We’ve shuffled forwards a few yards now and I’ve fetched up outside Deb-E-nams. There are a load of drones jiggling about in the window; one of them looks very smug in the latest smart-suit with built-in Screen. ‘A must-have for all executives,’ the label says.

I’m hungry now, so I open my ever-chill bag and take out a limp sandwich. I still have a few packs left, but once they’re gone I’ll have no option but to buy. It’s not finding food that’s the problem: there are burger stands, sweet booths and vendors who work the queues, and if you need anything else you can use a Qrunner. No, it’s the cost. I’ve tried to budget for everything I might need, but it’s impossible because you never know how much things are going to be. Prices go up all the time, and what can we do? We’re the ultimate captive market.

As I bite into my soggy sandwich, I realise we’ve hit a Blind Spot. There aren’t many left now of these spots where you can’t see the Screens and they can’t see you; so I make the most of it. These are the only few moments of quiet I get in the day: and it’s only now that you realise just how loud the adverts are. The ‘Q-people’ get more adverts than everyone else: ads for the booths, the burger-bars, the shops and the Q-runners. I feel sorry for the runners, though: they’re the only people here more desperate than we are.

They Shoot Horses

I thought we’d have a story today.  This the beginning of one of my stories set in a vaguely futuristic age when TV is the only game in town.

They Shoot Horses


Queue is not a remotely adequate word – but it will have to do. I had never seen anything like this queue, though I could have queued for England at one time: I mean, when you add it all up – the Post Office, the airport, the bus-stop, the doctor’s, the taxi-rank – it can seem like your whole life is just one long line. But this queue is like a fourth dimension; it winds around the city, coiling in and out and squeezing it like a giant snake. I felt like Jonah inside the whale, only instead of a whale it was a vast boa constrictor which strangled the city in its coils. I had no idea where I was; time after time I thought we were close, but then we shuffled round a corner and I could see the queue stretching away into the distance.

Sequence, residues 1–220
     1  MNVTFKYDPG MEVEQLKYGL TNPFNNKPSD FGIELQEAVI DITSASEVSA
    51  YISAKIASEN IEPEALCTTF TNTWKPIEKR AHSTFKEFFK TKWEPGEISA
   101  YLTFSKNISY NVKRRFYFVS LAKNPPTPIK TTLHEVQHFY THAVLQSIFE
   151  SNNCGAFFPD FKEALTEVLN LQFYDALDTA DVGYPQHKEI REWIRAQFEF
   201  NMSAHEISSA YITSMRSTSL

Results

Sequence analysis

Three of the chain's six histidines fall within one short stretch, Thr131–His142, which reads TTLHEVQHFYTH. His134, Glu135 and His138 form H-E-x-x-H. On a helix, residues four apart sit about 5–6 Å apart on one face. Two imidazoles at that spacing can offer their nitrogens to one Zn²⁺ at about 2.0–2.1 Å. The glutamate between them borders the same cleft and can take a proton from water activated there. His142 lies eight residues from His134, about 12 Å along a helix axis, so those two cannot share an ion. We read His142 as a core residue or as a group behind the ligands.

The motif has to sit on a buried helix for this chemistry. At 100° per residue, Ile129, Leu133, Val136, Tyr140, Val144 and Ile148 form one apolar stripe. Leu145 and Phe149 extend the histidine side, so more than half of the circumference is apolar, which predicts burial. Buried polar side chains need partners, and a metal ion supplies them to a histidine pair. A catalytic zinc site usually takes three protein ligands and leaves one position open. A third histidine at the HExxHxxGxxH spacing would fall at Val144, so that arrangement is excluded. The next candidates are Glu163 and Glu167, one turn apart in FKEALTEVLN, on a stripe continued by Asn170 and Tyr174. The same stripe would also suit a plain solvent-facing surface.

Nobody spoke, and after a while I gave up trying to make conversation. Some people would smile at you but most wouldn’t: we weren’t people to them, just competition. Some of the younger women tried to be pally, but I knew they were just after information. Most of us kept to ourselves.

There was no need for supervision, although a few guards stood here and there with machine-guns dangling off their shoulders. But mostly the queue policed itself: any pushing or shoving was dealt with pronto by throwing the pusher out and sending them to the back of the queue. When you think of what most of us had sacrificed in order to be here, it just wasn’t worth it.

The hardest thing was to keep yourself busy. There were screens every few yards to entertain us, but more and more of the ‘entertainment’ was adverts. So I kept occupied by singing in my head and running through my lines to make sure I had them straight. I could do this for hours, even though I knew I’d probably never get to see a camera or say my few lines to a waiting world. Like everyone else I stayed. We stayed because there was nothing else. Queuing was all we had.

It gave you plenty of time to think. In the first few days I was impatient: stamping my feet and checking my watch – but after a while I gave it up. It wasn’t that it was futile: it’s futile to get impatient in a traffic jam – but here it was more than futile; it was out of place, irrelevant. Impatience lost all meaning in the queue.

I keep active. First thing in the morning, I do some exercise – jogging on the spot, stretching, twisting and touching my toes. My neighbours used to laugh at me but now they don’t. Sometimes they even join in and while it lasts we’re almost friends.

Then I have breakfast. I take a long time over this, even though it’s only water and bread or a few biscuits. And then the day begins.

During the long hours when the queue doesn’t move at all, I start to question everything. How did I get here? Where did it all start? Where am I going? – the questions go round and round, and I don’t find any answers. But it takes me back to a time before the queue, and that’s a good thing. Because when the queue stays put for hour after hour like a sleeping snake and you can’t help looking ahead every minute to see if it’s shifting, and it isn’t; when you start to feel like you’re stuck here outside Lew-S forever with all the shoppers looking down on you like the gods surveying the damned – that’s when you want to jack it all in. And that’s why you must remember.

You must remember what it was like before the queue.